# Physics, Vectors?

##
In the sum A+B+=C, vector A has a magnitude of 11.4 m and is angled 48.4 degrees counterclockwise from the +x direction, and vector C has a magnitude of 14.8 m and is angled 16.6 degrees counterclockwise from the -x-direction. What are the A) magnitude and B) the angle (relative to +x) of B? state your angle as a positive number. I know it is A-C=B but I have the wrong answer please help and explain if you can. my incorrect answers are 8m and 33 degrees

In the sum A+B+=C, vector A has a magnitude of 11.4 m and is angled 48.4 degrees counterclockwise from the +x direction, and vector C has a magnitude of 14.8 m and is angled 16.6 degrees counterclockwise from the -x-direction. What are the A) magnitude and B) the angle (relative to +x) of B? state your angle as a positive number. I know it is A-C=B but I have the wrong answer please help and explain if you can. my incorrect answers are 8m and 33 degrees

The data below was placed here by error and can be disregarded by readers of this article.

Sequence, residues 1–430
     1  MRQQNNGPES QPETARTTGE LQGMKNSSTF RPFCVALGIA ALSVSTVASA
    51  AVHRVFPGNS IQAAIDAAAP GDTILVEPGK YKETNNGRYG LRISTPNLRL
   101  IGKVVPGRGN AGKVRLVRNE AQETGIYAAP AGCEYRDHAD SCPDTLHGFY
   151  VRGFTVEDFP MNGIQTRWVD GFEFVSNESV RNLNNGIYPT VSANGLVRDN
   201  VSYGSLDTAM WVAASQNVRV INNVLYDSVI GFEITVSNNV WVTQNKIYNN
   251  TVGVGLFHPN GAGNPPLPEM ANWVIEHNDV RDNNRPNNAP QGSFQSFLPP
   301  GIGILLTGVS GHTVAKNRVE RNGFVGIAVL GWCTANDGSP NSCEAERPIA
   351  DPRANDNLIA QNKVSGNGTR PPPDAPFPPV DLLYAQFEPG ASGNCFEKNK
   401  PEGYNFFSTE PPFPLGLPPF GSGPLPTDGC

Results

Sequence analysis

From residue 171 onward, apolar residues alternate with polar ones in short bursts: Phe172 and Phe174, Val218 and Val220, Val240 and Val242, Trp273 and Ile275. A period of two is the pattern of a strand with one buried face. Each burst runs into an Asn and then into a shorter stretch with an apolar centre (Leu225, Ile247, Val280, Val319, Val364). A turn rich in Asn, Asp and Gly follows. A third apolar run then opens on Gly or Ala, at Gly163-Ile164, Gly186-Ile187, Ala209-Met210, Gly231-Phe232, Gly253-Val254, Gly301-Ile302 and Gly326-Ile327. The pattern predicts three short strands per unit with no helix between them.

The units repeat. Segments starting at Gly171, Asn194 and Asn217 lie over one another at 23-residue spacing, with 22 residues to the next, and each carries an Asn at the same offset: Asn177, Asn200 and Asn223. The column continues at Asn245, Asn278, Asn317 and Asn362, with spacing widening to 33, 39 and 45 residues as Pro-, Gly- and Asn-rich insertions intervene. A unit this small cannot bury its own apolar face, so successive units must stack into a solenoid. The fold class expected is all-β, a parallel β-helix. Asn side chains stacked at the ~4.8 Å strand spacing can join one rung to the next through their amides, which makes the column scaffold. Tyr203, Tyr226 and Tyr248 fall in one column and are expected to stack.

##### 1 Answer

See discussion below.

#### Explanation:

A drawing is a major help. Are you familiar with the crude graphical ways to find a resultant vector? With this problem, I suggest using the method where you draw the first vector and then draw the second starting from the arrowhead of the first. Then the resultant is drawn from the beginning (tailfeathers) of the first to the end (arrowhead) of the second. If necessary, go to

http://hyperphysics.phy-astr.gsu.edu/hbase/vect.html

and scroll down to the box immediately below the flow diagram a the top of this web page. The boxes below that might be useful later too.

We do not have the second vector details, that is what you are asked to find. But we can determine how to draw the second vector knowing the first and the resultant using this graphical method.

Draw the x axis with the origin. Using the given magnitude and angle, draw vector A, starting from the origin. Next draw the resultant, C, again starting from the origin. Now vector B will start at the arrowhead of A, and its arrowhead will be at the arrowhead of C. Draw that in and it will look like a completed graphical determination of the resultant of adding A and B.

So now you have a triangle and you know the length of 2 of its sides and you can calculate one of the angles from what you were given. B is the third of its sides. You could use the Law of Cosines to solve it or use the methods discussed on that hyperphysics page, but you can do it!

I hope this helps,

Steve